Last week we posted a report about how TSMC's version of the A9 processor appeared to provide iPhone 6s users with better battery life than a similar iPhone that uses the Samsung version of the processor. Apple eventually chimed in on this issue before it spiraled out of control. Apple's bottom line was this: "Our testing and customer data show the actual battery life of the iPhone 6s and iPhone 6s Plus, even taking into account variable component differences, vary within just 2-3% of each other."
In spite of Apple's assurances that the differences in battery life between the two processors powering the iPhone 6s are minute and within a normal range, the Taiwan Government has now decided to step into this matter.
According to a new report today we learn that Taiwan's Department of Consumer Protection said this week that "it has asked the country's communications regulator to check whether there is a difference in the performance of the new iPhone chips made by two different suppliers.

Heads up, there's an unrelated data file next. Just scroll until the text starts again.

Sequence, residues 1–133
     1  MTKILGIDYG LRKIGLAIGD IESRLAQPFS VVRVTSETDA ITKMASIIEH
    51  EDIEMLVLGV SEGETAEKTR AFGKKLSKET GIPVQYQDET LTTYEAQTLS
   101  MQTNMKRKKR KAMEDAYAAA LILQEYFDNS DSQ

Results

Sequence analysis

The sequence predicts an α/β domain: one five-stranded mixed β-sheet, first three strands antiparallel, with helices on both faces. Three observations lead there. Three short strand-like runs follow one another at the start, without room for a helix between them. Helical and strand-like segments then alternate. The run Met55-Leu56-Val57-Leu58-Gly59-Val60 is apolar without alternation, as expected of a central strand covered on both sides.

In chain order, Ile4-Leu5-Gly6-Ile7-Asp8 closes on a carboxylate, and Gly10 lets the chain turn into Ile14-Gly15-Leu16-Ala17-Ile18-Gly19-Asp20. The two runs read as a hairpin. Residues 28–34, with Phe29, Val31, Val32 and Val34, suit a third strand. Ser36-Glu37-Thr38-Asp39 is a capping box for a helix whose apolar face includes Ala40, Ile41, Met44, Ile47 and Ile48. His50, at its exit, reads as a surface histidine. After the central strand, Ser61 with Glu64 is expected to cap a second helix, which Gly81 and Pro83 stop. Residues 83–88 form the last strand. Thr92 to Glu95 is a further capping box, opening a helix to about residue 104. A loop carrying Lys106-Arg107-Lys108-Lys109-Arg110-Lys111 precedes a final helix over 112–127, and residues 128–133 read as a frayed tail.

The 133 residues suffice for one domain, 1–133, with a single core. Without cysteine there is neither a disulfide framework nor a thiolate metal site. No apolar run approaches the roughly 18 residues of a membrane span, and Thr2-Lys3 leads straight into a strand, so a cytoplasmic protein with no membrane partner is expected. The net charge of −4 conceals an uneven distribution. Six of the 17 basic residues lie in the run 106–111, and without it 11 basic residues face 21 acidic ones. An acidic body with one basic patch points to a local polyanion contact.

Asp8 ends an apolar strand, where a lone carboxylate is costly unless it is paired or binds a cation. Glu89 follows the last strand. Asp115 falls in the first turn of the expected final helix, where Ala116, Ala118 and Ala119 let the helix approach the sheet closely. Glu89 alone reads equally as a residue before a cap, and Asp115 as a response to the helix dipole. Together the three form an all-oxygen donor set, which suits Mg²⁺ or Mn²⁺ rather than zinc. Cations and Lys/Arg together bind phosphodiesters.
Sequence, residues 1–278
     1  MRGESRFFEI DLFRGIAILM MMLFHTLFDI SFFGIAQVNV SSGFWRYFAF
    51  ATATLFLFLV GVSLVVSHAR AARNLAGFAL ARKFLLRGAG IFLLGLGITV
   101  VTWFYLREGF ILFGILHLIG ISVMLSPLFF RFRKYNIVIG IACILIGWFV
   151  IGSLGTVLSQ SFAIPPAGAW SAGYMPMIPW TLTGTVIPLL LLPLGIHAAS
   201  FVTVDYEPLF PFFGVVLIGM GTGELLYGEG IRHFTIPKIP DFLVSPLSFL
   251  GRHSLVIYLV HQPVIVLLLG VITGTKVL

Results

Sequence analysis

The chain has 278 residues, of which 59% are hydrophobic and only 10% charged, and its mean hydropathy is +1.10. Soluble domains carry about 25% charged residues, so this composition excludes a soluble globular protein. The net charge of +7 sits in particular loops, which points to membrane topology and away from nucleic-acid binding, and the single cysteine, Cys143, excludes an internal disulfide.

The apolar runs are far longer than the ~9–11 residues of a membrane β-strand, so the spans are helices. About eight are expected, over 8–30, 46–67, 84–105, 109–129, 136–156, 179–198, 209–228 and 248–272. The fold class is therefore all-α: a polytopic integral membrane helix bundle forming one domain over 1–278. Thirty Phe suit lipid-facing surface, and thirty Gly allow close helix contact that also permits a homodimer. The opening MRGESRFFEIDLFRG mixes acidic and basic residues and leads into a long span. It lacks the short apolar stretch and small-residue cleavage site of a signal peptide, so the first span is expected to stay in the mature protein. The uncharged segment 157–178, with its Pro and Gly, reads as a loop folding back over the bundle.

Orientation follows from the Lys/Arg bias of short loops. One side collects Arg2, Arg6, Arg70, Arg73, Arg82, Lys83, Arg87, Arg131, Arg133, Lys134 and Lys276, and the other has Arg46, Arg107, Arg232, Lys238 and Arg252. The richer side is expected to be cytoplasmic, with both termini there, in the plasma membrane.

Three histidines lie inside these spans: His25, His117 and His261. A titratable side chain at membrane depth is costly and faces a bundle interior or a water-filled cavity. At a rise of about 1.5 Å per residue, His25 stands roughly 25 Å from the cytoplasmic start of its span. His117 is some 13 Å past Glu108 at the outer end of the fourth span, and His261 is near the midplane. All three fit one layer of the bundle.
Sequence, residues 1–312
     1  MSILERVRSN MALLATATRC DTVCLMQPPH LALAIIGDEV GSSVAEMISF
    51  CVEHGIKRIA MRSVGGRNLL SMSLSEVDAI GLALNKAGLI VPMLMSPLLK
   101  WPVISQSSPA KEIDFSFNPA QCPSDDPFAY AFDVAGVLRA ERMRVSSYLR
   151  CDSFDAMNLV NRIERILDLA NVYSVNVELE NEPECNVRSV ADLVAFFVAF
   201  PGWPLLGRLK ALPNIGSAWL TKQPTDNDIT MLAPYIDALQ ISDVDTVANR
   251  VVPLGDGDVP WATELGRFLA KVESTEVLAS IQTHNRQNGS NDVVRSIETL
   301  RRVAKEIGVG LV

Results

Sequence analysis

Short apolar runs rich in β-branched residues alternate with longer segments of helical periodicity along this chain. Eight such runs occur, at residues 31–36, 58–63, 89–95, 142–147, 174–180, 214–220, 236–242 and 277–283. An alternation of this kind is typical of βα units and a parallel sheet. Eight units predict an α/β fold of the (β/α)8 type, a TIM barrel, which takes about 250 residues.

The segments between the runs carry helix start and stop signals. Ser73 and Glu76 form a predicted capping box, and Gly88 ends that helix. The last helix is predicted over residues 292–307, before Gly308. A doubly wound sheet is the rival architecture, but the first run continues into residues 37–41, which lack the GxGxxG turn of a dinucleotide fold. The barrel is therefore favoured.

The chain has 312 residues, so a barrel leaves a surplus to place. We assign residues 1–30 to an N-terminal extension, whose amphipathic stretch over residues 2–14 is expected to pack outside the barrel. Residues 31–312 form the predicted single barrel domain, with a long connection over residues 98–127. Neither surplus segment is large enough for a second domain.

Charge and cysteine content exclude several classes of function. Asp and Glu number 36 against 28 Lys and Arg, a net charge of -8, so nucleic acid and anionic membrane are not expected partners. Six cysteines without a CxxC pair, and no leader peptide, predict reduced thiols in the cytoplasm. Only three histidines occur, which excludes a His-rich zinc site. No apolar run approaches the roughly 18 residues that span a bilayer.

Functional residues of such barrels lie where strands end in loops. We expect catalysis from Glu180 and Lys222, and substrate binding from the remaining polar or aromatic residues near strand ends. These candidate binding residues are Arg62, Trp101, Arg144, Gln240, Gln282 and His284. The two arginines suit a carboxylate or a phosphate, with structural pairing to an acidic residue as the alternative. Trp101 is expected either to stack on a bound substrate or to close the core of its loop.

Wu Cheng-hsueh, deputy director-general of the department, told the press that he has asked the National Communication Commission (NCC) to test the power consumption of Apple's A9 chips supplied by Samsung Electronics and Taiwan Semiconductor Manufacturing Co.
If it is found that there is a difference in power consumption between the chips supplied by Samsung and TSMC, to the point where the quality of the device is affected, the NCC would be obligated to protect consumers' interests by seeking a recall or a discount, Wu said.
In Taiwan today people who buy the new iPhone models via Taiwan's Apple online store have the option to return them for an unconditional refund within 14 days of purchase. However, telecom stores in Taiwan state that iPhone returns are allowed only in cases of malfunction or visible flaws – and this latest problem doesn't fall into that narrow scope. This is what the NCC will override if their tests prove that the difference in battery life goes beyond Apple's findings of 2 or 3%.
UPDATE 2:50 PM: But before the Taiwanese government goes too far in conducting tests, perhaps they should check out the new U.S. ConsumersReport that was only published hours ago that did independent testing and found that there was no 'Chipgate' in the making. Hopefully this will put an end to this odd little story.